I was born and brought up in Swansea, South Wales. Although my mother and maternal grandparents were fluent Welsh speakers, my English father objected to my learning Welsh and my knowledge of the language remains rudimentary. However, my exposure to a bilingual environment gave me an enduring enthusiasm for other languages and I studied French, German, and Latin at school. In my final two years at school, I opted to take Japanese as a minor subject, which inspired me to go on to do a Bachelor’s degree in Japanese Studies, a decision that has shaped the course of my life to date.
Having fallen heavily for Japan during my year abroad in Kumamoto, I returned to Japan soon after graduating in 1998, as a Coordinator of International Relations on the Japan Exchange and Teaching Programme. Although I only planned to be there for two years, I ended up spending eight and a half years in Niigata Prefecture, as I went on to work as the in-house English translator at an economic research institute focused on Northeast Asian issues. It was there that I met my husband, who is from Khabarovsk, in Far Eastern Russia.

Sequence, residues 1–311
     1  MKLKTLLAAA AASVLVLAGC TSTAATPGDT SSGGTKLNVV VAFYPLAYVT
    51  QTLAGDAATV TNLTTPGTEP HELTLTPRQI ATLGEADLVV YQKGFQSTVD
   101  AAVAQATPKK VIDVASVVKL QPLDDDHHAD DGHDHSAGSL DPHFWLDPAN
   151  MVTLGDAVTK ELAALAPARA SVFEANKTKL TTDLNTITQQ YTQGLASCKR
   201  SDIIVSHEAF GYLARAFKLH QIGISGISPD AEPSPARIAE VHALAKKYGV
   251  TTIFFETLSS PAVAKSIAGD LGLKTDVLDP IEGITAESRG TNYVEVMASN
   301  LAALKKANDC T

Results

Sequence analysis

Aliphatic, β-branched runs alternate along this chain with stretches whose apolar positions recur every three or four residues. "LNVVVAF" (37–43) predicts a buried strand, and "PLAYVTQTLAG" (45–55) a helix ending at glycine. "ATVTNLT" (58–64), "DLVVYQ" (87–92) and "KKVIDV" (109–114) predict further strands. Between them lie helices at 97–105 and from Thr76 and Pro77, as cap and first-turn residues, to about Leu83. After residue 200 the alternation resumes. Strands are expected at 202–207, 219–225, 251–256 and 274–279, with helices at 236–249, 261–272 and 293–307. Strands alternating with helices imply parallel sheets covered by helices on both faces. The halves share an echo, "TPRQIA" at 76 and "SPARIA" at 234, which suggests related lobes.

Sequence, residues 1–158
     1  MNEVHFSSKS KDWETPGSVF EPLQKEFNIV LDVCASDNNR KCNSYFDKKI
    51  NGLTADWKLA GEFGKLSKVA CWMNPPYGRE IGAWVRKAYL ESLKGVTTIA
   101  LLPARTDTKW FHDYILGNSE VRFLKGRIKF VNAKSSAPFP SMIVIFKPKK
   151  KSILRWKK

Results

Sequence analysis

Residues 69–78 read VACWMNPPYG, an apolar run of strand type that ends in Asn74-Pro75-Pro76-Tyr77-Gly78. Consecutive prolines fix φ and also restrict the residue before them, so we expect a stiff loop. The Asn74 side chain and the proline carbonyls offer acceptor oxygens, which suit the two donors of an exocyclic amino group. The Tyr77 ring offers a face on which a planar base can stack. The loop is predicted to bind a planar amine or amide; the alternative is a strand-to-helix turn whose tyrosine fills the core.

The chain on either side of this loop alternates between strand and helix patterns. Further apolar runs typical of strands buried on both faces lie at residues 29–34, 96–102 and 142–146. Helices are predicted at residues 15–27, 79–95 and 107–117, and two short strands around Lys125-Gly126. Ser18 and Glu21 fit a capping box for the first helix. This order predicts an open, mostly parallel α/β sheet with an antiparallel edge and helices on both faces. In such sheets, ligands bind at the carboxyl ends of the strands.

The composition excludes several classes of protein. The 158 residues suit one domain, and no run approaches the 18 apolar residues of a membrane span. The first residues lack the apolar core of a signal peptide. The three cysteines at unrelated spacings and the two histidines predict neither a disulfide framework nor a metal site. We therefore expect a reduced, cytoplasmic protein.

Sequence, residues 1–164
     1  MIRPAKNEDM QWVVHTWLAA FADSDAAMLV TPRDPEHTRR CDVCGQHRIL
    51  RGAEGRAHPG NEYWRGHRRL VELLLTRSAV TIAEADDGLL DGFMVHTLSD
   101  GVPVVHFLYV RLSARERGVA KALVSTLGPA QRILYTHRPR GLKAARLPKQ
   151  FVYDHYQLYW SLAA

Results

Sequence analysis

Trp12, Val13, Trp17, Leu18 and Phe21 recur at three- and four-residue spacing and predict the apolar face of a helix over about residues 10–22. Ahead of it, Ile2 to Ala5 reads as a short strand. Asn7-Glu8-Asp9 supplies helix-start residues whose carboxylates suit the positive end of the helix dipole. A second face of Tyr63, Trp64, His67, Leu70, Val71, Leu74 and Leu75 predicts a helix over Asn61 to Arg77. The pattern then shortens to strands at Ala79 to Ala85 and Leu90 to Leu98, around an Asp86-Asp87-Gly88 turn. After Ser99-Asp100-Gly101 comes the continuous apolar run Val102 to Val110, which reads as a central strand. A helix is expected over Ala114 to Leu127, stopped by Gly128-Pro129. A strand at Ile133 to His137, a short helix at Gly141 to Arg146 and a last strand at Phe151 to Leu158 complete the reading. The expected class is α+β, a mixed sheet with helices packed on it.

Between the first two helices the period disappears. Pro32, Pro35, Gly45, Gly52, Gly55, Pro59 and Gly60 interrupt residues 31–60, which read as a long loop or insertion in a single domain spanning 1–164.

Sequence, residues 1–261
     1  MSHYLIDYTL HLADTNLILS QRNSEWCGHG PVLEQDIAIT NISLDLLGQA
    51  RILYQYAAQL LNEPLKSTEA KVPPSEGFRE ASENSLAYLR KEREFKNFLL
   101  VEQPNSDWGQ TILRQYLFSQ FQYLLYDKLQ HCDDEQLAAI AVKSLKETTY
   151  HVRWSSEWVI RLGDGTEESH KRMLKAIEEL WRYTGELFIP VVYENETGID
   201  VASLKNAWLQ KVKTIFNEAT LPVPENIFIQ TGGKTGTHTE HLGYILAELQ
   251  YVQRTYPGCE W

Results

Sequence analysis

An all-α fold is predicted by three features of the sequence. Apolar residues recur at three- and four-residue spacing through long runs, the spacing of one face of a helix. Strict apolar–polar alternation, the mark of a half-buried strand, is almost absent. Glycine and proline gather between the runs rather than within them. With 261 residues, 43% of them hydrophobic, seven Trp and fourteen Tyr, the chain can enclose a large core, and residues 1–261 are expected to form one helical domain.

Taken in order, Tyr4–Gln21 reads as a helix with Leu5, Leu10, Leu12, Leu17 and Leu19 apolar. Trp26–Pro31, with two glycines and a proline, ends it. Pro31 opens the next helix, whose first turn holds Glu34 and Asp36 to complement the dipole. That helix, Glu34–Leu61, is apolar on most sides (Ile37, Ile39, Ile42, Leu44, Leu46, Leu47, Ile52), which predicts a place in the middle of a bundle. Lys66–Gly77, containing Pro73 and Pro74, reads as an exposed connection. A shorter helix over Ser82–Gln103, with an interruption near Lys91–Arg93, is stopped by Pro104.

When our relationship became serious and we began thinking about the future, we decided that our best course of action would be to move to a country with an easier route to permanent residence and better job security than we had in Japan. Neither Russia nor the UK appealed to us, but my husband’s brother was living in New Zealand, so we visited, found it to our liking, and were lucky enough to have our application for residence approved. We arrived in Auckland on 10 December 2006 and I quickly succeeded in finding work at an international assistance company, supporting clients of travel/medical insurance companies who needed help while overseas. I also continued to freelance as a translator for agencies and direct clients in Japan, something I’d been doing since 2000, and in February 2012 I gave up the day job to focus fully on translation through my company Kinsho Language Services.
In my spare time, I study Japanese brush calligraphy and am a practitioner of the Urasenke tradition of the way of tea, serving as president of the Urasenke Tankokai New Zealand Association and secretary of the NZ-Japan Society of Japan Aoteakai Tea Ceremony Club. I can be found on Twitter @zaichishka.